Chris Voss, former FBI negotiator and current CEO of the Black Swan Group, knows a few things about striking a deal and equally as much about walking away from one that has soured or lost its direction.
Many of us have seen a lead go cold, in our personal and business lives. We have dreamed up collaborations and projects that have fizzled out, whether for a lack of motivation or because two parties have been unable to resolve an issue where cooperation was desperately needed. Voss knows from experience that the best way to negotiate with someone is through indirect messaging, by planting a seed of thought in someone’s mind that gets their thinking to where you’d like it to be. So if you’d like to reopen a deal, or know for sure that it’s dead, he recommends emailing or texting a simple question: Have you given up on this project? No one wants to admit that yes, they have given up, so this question will either lead to a renewal of cooperation, or if they come back with confirmation that they have indeed given up, then at least you move out of limbo, and you can examine your part in where the deal may have gone wrong (it’s rarely one-sided).
Another effective negotiation technique is summarizing. If you are really listening to the other person, and are able to condense their thoughts into a sentence or two, it is a huge acknowledgement of the fact that you understand their position. Voss states that many people – assertive negotiators – would prioritize being understood over making a deal. Being understood is such a basic human driving force, pervading everything from art and music to fashion and our personal relationships, so if you really want to think like an FBI negotiator, it’s not about force, or smarts, or an ace up your sleeve; it’s about empathy. A connection based on empathy is hugely powerful, and demonstrating that you understand someone may actually change their mind about something they seemed so stubborn on.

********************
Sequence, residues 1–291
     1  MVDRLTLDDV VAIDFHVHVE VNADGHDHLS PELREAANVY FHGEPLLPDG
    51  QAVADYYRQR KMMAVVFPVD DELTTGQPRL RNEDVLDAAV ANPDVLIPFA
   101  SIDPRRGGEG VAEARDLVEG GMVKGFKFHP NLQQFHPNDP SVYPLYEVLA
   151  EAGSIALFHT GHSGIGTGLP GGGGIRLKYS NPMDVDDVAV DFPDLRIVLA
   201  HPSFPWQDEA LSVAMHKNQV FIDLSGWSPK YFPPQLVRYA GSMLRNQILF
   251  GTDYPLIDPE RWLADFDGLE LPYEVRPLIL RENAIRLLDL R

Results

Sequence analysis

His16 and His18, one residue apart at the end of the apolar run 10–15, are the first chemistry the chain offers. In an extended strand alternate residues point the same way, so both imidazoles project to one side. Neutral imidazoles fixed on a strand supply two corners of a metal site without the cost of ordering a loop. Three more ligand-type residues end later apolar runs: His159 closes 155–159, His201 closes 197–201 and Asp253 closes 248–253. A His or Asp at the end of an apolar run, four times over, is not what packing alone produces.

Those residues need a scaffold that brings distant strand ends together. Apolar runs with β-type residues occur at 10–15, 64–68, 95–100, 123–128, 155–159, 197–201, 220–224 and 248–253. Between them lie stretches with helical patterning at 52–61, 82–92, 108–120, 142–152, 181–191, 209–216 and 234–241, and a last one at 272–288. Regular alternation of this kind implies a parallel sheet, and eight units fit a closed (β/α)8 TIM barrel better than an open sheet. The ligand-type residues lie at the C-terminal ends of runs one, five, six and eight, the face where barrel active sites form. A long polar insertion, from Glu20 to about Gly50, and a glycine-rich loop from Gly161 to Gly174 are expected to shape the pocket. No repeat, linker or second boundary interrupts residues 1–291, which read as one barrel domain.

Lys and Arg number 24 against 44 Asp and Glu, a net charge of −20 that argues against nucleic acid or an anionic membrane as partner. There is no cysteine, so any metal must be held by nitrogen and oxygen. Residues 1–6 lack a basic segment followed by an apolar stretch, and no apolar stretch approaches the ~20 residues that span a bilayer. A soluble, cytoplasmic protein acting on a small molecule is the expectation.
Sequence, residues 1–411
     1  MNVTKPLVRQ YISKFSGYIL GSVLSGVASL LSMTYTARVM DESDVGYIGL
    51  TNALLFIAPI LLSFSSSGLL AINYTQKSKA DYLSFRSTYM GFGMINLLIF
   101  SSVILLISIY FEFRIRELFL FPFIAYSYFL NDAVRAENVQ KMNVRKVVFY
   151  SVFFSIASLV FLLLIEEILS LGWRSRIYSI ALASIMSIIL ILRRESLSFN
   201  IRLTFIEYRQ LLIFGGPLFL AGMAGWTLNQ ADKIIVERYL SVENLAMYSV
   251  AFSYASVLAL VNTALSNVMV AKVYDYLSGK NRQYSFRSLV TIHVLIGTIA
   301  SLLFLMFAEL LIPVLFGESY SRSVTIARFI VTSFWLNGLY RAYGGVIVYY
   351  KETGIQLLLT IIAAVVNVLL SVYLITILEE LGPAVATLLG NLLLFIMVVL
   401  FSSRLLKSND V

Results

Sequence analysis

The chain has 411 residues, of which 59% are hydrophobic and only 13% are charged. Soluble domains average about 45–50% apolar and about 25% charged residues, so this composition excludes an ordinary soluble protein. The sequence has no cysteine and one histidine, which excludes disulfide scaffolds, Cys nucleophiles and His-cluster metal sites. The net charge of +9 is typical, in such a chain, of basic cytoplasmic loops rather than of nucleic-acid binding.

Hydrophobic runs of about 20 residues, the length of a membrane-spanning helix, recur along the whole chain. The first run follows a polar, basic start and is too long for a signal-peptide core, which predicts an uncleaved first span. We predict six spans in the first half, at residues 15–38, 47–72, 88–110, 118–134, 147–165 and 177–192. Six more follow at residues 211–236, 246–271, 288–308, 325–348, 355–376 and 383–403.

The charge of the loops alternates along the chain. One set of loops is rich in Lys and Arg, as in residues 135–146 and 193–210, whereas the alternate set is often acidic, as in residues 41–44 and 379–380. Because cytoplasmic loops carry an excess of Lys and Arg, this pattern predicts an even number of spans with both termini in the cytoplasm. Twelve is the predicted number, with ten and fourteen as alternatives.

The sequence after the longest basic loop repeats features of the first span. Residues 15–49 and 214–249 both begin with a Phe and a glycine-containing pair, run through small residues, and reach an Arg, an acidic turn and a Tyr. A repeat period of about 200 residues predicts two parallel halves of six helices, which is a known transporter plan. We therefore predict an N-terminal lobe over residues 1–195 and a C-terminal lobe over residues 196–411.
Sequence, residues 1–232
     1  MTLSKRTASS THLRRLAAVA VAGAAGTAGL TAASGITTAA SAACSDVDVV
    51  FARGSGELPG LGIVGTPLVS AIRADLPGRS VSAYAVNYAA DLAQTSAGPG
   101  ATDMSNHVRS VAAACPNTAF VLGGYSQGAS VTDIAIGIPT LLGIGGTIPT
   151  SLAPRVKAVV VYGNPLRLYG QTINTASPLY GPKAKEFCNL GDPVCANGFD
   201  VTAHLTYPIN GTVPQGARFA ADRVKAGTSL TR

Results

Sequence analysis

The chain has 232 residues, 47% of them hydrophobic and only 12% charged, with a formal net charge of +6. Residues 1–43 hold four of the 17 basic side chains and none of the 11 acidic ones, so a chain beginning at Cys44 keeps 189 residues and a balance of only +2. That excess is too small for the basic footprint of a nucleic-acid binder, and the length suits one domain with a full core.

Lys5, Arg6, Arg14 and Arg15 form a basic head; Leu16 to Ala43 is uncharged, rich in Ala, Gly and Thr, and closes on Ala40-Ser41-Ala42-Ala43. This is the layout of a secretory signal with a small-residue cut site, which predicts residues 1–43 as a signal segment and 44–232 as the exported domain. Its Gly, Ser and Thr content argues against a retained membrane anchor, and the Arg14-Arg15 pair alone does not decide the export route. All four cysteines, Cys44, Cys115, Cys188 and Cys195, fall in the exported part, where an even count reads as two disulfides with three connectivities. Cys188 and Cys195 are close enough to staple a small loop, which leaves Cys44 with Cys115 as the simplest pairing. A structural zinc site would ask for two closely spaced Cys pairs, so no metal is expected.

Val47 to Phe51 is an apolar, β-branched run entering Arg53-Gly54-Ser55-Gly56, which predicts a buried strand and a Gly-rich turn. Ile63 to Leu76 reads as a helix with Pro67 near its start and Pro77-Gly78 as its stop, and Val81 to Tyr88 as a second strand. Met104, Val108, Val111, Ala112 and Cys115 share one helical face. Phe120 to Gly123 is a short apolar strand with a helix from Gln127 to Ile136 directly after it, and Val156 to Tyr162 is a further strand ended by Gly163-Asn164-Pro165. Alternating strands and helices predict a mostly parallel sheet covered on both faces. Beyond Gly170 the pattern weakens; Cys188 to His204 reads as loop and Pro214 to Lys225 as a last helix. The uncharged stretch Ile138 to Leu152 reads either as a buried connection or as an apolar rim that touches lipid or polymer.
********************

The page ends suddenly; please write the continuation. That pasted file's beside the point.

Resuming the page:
Chris Voss's book is Never Split the Difference: Negotiating as if Your Life Depended On It.
Chris Voss: The best messages in any given negotiation are really implied indirectly, come to the other person based on thinking that you're getting them to do, getting them to get some really solid thought behind their answers. And so a great thing to send someone in an email is have you given up on this project? Because nobody likes to give up on anything, and at the same time nobody wants to say yes to that because they don't know what they're letting themselves in for when they say yes.
You know, and it's interesting because that particular email has restarted negotiations that have seen dead silence for weeks prior to that. And simply sending that email all by itself, and in many cases you can get a response within three to five minutes of reading the email or the text, that's a great way to get things restarted. Now the problem with that is there's a really good chance you contributed to the silence in the first place. And your next move, when they respond, is you've got to get a that's right out of them next because they have to feel like that their communication is being paid attention to.
A summary is designed to let the other side know that you really understand what's going on now and if nothing else at least you understand their position. There are a lot of negotiators that really will give in on a deal because being understood is more important than getting what they want. And there's a particular type in particular, the assertive negotiator, being understood is actually more important to them than actually making the deal. So everybody wants to be understood anyway. Let people know you completely understand where they're coming from and that's the design of a summary, summarizing the facts and how they feel about the facts, and actually if you can summarize their feelings about the facts that are driving them but that they're blind to will make a big difference to them because then they feel really understood that empathy connection is there and they may actually change their mind about what decisions they've made once the empathy has been established.